In some workplaces, individuals tend to be competitive. Employees do not trust one another, and conflicts are not resolved effectively. In contrast, in other workplaces, conflicts are managed effectively whenever they arise, but employees tend to be cooperative, considerate, and trustworthy.
Skogstad, Torsheim, Einarsen, and Hauge (2011) examined whether this social climate does indeed affect the incidence of bullying. Participants evaluated the extent to which the social climate of their department is characterized by cooperation, consideration, and trust as well as effective resolution of conflicts. In addition, participants were asked to specify the degree to which they have witnessed bullying in their department. A positive social climate was indeed negatively associated with bullying.
Similarly, Salin (2003) showed that a competitive culture was positively related to bullying. According to Salin (2003), because of globalization, organizations need to be more efficient. To enhance efficiency, organizations are often restructured, diminishing the frequency of management positions. Competition for these scarce positions becomes even more intense. As a consequence of this competition, individuals often attempt to undermine each other, increasing the likelihood of bullying.
Many other findings align to these conclusions. Vartia (1996), for example, showed the incidence of bullying was elevated in workplaces in which employees are not granted opportunities to contribute to decisions, shape the goals or objectives of the department, or help resolve conflicts.
Heames, Harvey, and Treadway (2006) argues that many of the established determinants of bullying can be ascribed to status inconsistency. According to this model, some traits represent whether people are high or low in status. For example, in some workgroups, education, ethnicity, gender, or experience might determine status. Often, individuals may feel deficient on these traits. If they feel they can address this deficiency, they will undertake activities that enhance these traits. They might enroll in a course, for example, to improve their education.
Sometimes, however, individuals do not feel they can override these deficiencies. Because of these deficiencies, they are not certain they will be accepted. They are also not sure whether or not they can complete their work effectively. Stress and anxiety ensues. Consequently, they may leave the organization. Alternatively, they might attempt to diminish the status of other members. They might denigrate these individuals, for example, manifesting as bullying .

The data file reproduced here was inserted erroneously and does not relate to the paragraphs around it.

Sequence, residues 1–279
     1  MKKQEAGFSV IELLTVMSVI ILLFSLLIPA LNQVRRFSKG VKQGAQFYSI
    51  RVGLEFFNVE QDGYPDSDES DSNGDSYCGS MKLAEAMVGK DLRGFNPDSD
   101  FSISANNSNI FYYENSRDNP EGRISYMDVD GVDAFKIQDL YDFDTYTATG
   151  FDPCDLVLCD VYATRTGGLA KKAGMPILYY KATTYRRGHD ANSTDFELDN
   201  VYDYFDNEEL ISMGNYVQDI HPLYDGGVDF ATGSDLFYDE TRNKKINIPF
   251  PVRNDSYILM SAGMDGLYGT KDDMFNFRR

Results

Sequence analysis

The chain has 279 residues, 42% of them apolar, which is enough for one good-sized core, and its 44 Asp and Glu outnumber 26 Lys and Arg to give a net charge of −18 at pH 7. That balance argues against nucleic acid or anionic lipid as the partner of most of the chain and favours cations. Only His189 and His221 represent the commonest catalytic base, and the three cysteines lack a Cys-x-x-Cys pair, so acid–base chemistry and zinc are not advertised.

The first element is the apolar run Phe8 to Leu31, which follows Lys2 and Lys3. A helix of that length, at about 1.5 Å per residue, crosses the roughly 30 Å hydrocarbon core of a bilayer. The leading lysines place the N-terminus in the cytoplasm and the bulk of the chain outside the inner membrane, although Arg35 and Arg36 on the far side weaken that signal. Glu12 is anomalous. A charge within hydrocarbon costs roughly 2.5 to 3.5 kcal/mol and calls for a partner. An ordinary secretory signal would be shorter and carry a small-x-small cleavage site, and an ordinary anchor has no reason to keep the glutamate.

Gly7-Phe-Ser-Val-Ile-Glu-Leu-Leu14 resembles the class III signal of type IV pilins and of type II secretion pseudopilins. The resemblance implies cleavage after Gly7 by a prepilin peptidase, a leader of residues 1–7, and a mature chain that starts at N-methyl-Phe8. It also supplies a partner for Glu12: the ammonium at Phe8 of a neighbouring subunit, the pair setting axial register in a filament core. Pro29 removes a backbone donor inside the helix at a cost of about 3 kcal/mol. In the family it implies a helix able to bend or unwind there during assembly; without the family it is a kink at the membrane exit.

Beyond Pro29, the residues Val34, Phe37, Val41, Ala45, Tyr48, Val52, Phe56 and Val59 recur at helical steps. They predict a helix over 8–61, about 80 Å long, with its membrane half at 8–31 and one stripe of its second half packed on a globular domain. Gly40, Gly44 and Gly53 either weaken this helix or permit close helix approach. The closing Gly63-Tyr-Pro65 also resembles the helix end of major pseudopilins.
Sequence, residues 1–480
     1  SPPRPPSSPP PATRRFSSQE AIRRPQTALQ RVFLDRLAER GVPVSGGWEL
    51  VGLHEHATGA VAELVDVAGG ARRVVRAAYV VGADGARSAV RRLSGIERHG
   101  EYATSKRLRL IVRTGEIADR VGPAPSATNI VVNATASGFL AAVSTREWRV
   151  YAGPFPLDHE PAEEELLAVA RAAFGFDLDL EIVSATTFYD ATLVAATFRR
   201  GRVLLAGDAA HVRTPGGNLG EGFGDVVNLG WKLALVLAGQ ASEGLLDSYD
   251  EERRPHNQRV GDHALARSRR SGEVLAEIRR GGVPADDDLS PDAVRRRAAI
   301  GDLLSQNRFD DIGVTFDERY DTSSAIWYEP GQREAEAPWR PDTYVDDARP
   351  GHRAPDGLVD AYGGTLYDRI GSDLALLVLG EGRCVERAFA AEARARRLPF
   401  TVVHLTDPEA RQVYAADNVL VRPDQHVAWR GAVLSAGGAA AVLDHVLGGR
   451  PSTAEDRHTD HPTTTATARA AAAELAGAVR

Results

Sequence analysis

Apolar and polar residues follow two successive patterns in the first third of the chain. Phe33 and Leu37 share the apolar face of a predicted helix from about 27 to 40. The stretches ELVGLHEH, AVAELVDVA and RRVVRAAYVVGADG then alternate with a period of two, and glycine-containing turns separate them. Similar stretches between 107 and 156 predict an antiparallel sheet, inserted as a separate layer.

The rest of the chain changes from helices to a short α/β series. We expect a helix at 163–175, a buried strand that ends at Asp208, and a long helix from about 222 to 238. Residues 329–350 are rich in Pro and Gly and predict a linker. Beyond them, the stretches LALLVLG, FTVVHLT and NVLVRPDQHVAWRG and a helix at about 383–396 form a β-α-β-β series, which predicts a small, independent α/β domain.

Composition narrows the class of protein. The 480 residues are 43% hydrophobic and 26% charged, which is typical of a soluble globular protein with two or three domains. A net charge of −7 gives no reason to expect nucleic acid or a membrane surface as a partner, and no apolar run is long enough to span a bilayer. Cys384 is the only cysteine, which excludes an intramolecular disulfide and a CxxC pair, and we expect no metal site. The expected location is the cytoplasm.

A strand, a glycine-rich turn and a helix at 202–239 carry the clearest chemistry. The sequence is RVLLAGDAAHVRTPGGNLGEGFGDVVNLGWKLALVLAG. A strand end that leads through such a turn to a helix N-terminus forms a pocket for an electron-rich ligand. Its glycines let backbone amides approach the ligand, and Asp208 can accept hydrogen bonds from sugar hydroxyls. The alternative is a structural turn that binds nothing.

In some work environments, some people believe that bullying may represent a legitimate means to fulfill desired outcomes. To illustrate, in some instances, individuals may feel that an employee or manager should be dismissed. Nevertheless, for various reasons, the legitimate channels might not be sufficient to fulfill this goal. For example, in many organizations, managers are reluctant to dismiss employees. These individuals may be bullied instead, to ensure they choose to leave (e.g., Salin, 2003).
In addition, some managers believe that employees are likely to work productively only if treated harshly. They might, for example, assume that employees will respond to strident and constant criticism. These behaviors may sometimes evolve into bullying (e.g., Cranshaw, 2007).
Any employee can be bullied. That is, targets or victims do not demonstrate a specific profile but are diverse. Nevertheless, people with specific traits may be more likely to be targets or, at least, more likely to report instances of bullying.
Gandolfo (1995) administered the MMPI-2 to people who had claimed compensation from insurance companies. This study compared the individuals who claimed to be bully victims with individuals who did not claim to be bully victims. Levels of depression and somatization were elevated in the participants who did claim to be targets of bullying (see also Matthiesen & Einarsen, 2001). Arguably, personality may influence the strategies that people use to cope with bullying.
Glaso, Matthiesen, Nielsen, and Einarsen (2007) examined whether personality, as gauged by the five factor model, differentiates people who have been bullied from people who have not been bullied. The bullied individuals seem to belong to one of two clusters. The first cluster, representing 64% of the targets, did not differ from participants who had not been bullied on personality. The second cluster, however, did exhibit some distinct characteristics. Overall, extraversion, conscientiousness, agreeableness, and emotional stability were lower in this cluster, although some of these characteristics could reflect consequences, rather than causes, of bullying.